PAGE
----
The Standard Infantry Rifle, often referred to as SIR, was the standard issue weapon of the United States military following its reconstruction in the aftermath of the Battle of Yonkers.
The Standard Infantry rifle was chambered to fire 5.56 NATO rounds. The origins of the SIR remain unknown. There are various theories ranging from being a derivative of the AK47 to a stripped down version of the XM8.
Due to composite materials being difficult to manufacture, the SIR was made primarily of wood and was described as looking similar to a World War II-era weapon. The weapon had high recoil and only had semi-automatic fire to prevent soldiers from wasting ammunition if they panicked when facing Zombies. Due to these qualities, it is very likely that the SIR is an M14 rifle that has been re-chambered to use 5.56 mm instead of 7.62 mm NATO rounds.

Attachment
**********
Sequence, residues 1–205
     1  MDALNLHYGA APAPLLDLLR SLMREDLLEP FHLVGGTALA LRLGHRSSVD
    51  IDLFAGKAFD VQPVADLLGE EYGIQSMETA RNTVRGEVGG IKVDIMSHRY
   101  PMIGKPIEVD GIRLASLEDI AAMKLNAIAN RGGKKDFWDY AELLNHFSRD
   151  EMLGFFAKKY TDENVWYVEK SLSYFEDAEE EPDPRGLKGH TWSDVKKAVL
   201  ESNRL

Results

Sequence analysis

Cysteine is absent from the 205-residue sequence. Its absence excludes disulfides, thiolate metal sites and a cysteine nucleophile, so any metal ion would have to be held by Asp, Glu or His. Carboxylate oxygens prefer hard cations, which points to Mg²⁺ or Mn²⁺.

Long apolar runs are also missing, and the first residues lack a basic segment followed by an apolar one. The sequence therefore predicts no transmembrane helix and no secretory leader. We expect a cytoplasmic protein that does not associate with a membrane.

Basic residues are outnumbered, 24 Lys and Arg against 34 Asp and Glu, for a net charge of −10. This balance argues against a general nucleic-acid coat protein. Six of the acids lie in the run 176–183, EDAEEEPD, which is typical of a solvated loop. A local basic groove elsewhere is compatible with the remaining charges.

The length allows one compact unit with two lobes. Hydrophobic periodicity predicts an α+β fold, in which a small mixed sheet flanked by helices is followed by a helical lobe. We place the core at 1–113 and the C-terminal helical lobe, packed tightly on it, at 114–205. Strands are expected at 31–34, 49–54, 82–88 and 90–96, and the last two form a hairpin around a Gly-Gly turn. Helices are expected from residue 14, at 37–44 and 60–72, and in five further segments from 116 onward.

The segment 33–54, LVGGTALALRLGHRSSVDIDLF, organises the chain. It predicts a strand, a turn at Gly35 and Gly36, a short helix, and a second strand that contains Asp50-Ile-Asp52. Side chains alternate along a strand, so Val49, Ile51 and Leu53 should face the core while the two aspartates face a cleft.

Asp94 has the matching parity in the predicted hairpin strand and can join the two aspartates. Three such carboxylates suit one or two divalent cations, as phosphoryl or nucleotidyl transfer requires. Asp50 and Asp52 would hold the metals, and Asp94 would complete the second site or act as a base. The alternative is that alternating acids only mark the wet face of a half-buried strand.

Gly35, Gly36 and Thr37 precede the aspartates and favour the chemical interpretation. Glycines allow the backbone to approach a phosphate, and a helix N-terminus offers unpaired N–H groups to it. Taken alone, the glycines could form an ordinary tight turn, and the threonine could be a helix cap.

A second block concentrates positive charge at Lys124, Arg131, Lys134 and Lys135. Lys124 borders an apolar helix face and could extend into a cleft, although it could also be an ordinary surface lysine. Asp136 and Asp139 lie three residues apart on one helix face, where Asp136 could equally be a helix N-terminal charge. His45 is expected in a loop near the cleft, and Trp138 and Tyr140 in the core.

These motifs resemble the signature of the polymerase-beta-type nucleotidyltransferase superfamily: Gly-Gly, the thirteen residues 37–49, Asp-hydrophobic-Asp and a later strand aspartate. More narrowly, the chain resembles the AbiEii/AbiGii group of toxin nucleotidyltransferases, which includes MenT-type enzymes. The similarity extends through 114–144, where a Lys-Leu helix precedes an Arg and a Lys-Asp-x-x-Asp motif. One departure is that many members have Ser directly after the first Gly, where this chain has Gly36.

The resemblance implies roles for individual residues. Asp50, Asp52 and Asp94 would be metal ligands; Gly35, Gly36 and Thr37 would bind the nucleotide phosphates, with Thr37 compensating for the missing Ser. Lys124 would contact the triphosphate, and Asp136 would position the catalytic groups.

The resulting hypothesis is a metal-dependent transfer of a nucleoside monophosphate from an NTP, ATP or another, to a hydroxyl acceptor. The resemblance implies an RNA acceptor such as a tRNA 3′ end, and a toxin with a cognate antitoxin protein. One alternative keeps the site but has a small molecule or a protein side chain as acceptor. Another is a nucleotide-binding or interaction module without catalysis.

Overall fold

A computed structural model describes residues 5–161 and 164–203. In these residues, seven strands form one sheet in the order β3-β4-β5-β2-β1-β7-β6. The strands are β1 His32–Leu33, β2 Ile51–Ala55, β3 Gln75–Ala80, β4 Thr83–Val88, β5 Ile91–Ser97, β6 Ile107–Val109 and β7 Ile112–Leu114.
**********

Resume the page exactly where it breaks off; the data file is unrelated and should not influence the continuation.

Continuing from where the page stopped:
The SIR first saw extensive action at the Battle of Hope. Afterwards during the Road to New York it remained the primary weapon when facing zombies. The weapon was very popular with soldiers due to its accuracy and reliability. In addition it was easy to modify and could be converted to a carbine or sniper rifle easily. They also came equipped with a bayonet for close quarters, a feature that was used fairly frequently. As a result of these features soldiers affectionately referred to the weapons as "Sir."